As the depth of interest changes from one structure to another, the depth to which the ultrasound beam is focused needs to be altered. This will improve lateral resolution, making it easier to delineate small structures. This is particularly important when imaging structures such as nerves or foreign bodies that are small, and that may be similar in brightness level to surrounding tissues.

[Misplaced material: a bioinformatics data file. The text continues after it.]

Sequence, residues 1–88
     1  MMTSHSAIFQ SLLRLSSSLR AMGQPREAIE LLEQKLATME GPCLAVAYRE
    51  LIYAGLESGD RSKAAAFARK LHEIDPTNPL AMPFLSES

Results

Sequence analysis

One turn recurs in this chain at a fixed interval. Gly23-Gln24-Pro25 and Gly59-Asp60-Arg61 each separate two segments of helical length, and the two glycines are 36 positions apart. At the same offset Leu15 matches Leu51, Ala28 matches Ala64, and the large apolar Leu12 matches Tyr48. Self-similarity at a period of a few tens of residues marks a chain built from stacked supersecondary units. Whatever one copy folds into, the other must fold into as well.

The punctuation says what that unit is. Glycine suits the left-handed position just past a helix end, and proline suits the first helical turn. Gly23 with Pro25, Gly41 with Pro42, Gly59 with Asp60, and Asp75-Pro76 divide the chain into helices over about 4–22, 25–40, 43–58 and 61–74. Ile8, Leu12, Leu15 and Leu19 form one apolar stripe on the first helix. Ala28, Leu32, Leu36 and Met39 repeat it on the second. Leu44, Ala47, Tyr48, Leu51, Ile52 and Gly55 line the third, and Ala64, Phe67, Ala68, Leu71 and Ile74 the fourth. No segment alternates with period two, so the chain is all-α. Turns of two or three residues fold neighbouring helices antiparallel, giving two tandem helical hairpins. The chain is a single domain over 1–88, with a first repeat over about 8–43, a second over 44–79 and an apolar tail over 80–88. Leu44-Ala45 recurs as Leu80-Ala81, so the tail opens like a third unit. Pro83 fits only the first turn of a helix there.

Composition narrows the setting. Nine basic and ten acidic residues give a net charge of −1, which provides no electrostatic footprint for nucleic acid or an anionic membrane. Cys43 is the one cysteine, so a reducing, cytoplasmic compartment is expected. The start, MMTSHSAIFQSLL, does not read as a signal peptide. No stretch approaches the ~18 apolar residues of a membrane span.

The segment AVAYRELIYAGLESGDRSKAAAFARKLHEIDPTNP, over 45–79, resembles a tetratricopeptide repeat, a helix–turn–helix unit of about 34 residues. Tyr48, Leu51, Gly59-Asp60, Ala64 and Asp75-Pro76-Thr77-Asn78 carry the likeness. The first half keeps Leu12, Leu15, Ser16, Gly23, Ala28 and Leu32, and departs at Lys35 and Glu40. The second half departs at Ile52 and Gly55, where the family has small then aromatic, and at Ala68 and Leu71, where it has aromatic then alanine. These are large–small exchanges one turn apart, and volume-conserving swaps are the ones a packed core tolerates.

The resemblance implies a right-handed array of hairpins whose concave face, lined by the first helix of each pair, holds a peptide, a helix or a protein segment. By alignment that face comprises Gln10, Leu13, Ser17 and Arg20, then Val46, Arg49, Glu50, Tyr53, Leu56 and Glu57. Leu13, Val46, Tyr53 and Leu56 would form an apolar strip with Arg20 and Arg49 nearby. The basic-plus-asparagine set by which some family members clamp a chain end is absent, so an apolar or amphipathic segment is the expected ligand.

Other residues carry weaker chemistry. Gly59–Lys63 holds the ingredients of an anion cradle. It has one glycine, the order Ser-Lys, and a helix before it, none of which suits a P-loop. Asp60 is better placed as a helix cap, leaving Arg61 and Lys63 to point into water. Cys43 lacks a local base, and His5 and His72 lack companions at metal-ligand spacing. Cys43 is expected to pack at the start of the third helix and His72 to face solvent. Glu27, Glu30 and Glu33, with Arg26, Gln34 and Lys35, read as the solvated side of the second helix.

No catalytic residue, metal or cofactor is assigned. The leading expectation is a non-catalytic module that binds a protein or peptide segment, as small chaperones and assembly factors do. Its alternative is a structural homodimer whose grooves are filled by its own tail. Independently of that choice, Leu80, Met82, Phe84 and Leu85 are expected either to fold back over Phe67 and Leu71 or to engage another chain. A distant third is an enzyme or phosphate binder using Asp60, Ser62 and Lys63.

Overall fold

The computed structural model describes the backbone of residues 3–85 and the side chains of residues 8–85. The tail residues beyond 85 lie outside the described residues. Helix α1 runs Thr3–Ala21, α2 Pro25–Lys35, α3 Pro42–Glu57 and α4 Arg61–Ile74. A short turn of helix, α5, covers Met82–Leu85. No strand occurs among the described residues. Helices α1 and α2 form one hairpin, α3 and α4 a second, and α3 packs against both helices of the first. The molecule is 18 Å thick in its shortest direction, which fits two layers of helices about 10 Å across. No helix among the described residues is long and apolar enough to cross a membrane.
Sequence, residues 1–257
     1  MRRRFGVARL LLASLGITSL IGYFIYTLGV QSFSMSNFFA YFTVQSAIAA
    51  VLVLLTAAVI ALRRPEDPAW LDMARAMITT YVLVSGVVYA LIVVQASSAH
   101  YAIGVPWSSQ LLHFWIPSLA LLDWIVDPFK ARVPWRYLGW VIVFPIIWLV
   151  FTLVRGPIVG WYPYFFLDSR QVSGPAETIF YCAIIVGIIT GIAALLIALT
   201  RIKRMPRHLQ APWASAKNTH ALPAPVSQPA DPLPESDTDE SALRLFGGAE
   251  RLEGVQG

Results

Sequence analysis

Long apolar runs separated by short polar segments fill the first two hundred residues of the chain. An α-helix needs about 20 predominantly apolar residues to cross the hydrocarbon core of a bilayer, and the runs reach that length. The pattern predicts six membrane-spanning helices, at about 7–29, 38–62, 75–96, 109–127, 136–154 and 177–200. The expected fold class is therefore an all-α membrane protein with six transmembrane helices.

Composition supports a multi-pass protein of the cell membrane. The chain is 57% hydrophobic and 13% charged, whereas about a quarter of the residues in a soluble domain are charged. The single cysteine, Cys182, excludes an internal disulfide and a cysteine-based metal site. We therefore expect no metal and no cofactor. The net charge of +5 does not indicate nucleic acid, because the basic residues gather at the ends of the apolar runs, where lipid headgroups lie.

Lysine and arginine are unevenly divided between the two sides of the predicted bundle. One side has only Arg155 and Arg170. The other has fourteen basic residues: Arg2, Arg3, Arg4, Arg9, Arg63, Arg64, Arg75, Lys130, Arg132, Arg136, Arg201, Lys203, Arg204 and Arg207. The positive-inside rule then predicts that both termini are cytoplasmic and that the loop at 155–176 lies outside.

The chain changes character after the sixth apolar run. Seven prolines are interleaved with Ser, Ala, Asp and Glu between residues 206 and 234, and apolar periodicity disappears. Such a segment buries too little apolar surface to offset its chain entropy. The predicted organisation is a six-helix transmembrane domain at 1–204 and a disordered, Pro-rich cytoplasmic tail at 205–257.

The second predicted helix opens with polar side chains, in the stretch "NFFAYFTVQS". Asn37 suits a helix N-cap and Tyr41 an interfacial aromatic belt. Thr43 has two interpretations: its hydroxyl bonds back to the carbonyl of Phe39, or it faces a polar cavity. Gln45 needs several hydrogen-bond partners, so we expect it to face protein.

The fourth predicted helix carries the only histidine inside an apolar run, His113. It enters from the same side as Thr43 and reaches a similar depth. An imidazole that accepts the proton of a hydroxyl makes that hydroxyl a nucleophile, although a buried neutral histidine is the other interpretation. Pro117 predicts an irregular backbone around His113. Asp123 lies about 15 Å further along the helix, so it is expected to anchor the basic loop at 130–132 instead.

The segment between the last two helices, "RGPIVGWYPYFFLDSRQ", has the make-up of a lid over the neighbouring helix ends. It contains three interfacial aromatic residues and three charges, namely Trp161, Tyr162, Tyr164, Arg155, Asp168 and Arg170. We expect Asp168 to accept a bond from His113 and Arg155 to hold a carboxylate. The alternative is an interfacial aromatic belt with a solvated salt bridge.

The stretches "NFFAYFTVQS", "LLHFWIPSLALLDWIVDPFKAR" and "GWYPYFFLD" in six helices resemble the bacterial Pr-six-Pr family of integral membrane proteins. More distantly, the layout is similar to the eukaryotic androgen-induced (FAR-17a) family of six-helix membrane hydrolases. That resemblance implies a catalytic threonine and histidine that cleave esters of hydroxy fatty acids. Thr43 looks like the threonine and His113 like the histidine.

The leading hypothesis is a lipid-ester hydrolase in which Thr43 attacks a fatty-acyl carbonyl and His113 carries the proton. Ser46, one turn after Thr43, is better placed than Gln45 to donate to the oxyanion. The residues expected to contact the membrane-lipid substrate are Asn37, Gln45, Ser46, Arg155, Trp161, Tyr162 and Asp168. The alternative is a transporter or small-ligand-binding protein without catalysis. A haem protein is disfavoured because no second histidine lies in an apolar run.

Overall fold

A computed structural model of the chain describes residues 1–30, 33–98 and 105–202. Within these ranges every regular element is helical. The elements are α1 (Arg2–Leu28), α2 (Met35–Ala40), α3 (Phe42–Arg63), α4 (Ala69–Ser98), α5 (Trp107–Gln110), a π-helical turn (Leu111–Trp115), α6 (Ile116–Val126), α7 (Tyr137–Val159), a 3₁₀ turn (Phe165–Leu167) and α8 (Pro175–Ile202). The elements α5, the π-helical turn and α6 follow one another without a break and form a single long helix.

The homogeneous speckle pattern characteristic of many solid organs is, in part, a product of the effective beam width. As beam width is reduced, contrast resolution will improve and structures, such as nerves, will be better visualised. Focus may need to be adjusted throughout the examination.

On some hand held systems, focus is optimised for the entire depth of view and is altered automatically, as the depth setting is changed. On these systems focus cannot be altered independently.

In this image, the depth of focal zone is indicated by the on-screen marker. Click the image to see a larger version.